Ecotourism in Costa Rica PDF Print E-mail
Visitors just can't help getting excited about Costa Rica's wildlife. In the country's many national parks and wildlife refuges, visitors are simply amazed by the immense variety of tropical life that flies, swims, hops, crawls, climbs and slithers around them. Thousands of exotic plants form dense canopies of ferns, orchids, bromeliads and philodendrons in the tree-tops.

There are at least six different kinds of habitats in Costa Rica: tropical rain forest, cloud forest, dry tropical forest, montane oak forest, mountainous paramo, and mangrove and other wetlands. How can you possibly understand it all? Well, fortunately, Costa Rica, the birthplace of ecotourism, has extensive experience in explaining this bewildering variety of wildlife to tens of thousands of visitors every year.

Ecotourism in Costa RicaThe first place to start is with one of the country's well-trained natural history guides. There are about 400 such guides, all of whom are experts at identifying birds, frogs, bats, monkeys and other wildlife, and at explaining the relationships between plant and animal species. As naturalist Amos Bien, the founder of the Rara Avis ecotourism project, puts it, "Being in a rainforest without a guide is like being in a library without knowing how to read."

He adds that guides can be easily hired through hotels and reliable travel agencies. Most ecotours are conducted on foot, but Costa Rica has some other options you'll enjoy. In the watery world of Tortuguero, boats cruise along the edge of rivers and lakes, while guides point out wildlife in the rainforest along the shore. Canopy tours, which take you where the action is in the tops of trees high overhead, are conducted in several private reserves.

One of these is fully mechanized, requiring no physical exertion. But others require you to pull yourself up into the forest canopy, then swing like Tarzan from one high platform to another. It's a lot of fun once you get the hang of it, and the view from the top is definitely worth the climb! On your tour, a pair of binoculars comes in handy. Birders will want their own copy of the "Birds of Costa Rica."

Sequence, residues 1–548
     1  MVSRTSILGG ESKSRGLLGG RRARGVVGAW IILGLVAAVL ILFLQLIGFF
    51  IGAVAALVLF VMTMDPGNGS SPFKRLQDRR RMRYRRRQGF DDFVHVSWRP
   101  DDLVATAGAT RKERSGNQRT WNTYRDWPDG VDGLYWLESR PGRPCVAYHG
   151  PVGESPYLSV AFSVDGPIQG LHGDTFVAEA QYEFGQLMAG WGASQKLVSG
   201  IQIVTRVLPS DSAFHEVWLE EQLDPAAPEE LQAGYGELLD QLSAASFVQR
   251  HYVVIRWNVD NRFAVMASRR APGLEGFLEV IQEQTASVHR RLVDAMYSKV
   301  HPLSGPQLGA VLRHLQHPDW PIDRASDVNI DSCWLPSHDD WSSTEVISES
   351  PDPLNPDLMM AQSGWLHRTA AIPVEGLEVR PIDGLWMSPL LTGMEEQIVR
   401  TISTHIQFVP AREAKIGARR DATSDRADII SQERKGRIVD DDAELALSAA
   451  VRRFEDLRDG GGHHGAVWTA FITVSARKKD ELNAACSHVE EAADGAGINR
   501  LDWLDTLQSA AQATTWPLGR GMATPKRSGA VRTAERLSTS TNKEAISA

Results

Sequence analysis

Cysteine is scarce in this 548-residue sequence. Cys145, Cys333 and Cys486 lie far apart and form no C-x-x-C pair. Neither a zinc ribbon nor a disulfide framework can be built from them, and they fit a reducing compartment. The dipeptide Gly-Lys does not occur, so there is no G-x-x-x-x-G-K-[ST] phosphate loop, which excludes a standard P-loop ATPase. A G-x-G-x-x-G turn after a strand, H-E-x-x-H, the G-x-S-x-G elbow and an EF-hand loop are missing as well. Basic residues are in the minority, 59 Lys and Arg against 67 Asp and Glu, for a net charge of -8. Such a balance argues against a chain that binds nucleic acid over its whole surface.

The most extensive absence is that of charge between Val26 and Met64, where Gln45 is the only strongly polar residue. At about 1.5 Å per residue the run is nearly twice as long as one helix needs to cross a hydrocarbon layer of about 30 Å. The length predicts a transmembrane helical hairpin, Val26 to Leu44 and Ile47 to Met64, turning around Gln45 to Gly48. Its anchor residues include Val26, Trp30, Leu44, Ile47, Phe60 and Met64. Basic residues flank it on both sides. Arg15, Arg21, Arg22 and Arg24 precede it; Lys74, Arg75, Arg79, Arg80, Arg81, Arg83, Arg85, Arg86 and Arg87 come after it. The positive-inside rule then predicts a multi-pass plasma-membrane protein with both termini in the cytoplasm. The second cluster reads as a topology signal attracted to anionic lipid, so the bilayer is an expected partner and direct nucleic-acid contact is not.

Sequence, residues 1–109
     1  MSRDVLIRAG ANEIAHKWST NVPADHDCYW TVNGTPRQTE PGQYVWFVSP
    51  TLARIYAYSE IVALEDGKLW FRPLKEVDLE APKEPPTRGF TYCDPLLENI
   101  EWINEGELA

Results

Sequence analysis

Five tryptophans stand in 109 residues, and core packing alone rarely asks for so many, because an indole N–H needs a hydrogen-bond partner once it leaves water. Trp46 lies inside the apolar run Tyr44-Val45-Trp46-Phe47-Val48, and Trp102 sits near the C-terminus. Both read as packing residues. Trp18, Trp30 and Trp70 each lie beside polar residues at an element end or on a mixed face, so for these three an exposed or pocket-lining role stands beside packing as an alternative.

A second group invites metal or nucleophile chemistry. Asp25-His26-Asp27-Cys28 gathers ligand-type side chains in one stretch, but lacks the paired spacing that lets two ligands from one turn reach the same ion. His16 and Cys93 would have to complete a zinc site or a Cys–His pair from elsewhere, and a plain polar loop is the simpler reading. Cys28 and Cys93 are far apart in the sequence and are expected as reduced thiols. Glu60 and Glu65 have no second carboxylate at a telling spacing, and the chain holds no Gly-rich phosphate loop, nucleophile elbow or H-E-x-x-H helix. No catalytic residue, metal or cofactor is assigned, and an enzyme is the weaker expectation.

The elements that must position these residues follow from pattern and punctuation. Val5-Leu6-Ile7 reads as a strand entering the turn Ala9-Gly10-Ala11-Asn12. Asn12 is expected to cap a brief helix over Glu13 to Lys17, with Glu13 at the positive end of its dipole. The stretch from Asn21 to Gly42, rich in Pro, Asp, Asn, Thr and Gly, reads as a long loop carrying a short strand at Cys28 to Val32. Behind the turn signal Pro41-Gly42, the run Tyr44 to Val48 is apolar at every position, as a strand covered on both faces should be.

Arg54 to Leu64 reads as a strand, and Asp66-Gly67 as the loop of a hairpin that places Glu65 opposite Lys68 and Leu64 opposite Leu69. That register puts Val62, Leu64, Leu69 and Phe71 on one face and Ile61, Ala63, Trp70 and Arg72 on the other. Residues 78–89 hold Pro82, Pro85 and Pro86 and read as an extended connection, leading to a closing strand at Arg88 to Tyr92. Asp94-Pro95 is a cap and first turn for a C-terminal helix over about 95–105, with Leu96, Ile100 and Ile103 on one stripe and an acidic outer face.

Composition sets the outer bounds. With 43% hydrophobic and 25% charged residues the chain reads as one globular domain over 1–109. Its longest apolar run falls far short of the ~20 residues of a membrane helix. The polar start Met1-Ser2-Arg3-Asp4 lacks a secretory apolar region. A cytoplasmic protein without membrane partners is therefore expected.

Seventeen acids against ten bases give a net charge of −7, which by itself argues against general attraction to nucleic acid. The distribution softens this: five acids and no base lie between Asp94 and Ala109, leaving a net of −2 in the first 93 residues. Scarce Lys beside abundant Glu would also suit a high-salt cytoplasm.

Plastic identification charts are sold throughout Costa Rica for several animal groups and these are very useful. And, of course, you'll be glad you took your camera, insect repellent and a rain coat. A great deal is going on behind the scenes in Costa Rica to make ecotourism the tremendous success it is in the country. More than 25% of Costa Rica's total land area has been officially protected as national parks or wildlife refuges.

Ecotourism in Costa RicaMany government agencies and private foundations are actively working to manage and preserve these areas. The tourism board has begun a certification process for the ecotourism industry, with evaluations that include monitoring the quality of environmental education, environmental impact, water use, energy consumption, and waste management, as well ecotourism businesses' contributions to local economies, cultures, and public health. Ecotourism is a planned activity that helps to preserve and protect natural areas, to make things better.

Costa Rica, the birthplace of ecotourism, is also the place where ecotourism has achieved its highest level of success. You'll be amazed by the country's diverse habitats and abundant wildlife, and will have a lot of fun learning about Costa Rica's many ecosystems. But the truly great thing about ecotourism is that, by participating, you are helping to save fragile environments for generations to come.
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Costa Rica Flag Official name:
República de Costa Rica
Official language: Spanish
Capital: San José
Independence Date: September 15, 1821 (from Spain)
President: Oscar Arias Sánchez
Area: 51,100 km˛
Percentage of water: 0.7%
Population: 4.13 million
Density: 80.66/km˛
Currency: Colón (CRC)
Time zone: UTC -6
Internet TLD: .cr
Calling Code: 506

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Tempisque river is a nature’s lovers paradise. La Amistad bridge is the longest in Costa Rica.

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